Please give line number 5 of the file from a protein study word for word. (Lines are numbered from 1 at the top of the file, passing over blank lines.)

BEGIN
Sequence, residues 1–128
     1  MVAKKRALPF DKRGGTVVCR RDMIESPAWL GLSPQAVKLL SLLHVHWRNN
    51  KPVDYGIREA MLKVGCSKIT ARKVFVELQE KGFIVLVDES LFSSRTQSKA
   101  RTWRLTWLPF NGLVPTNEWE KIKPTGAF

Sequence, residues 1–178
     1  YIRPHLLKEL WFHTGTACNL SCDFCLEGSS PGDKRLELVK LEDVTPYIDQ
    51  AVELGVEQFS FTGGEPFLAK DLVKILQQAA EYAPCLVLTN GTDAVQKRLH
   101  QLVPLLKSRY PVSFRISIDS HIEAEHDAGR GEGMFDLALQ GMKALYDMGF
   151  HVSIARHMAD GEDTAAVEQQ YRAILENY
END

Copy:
Sequence, residues 1–178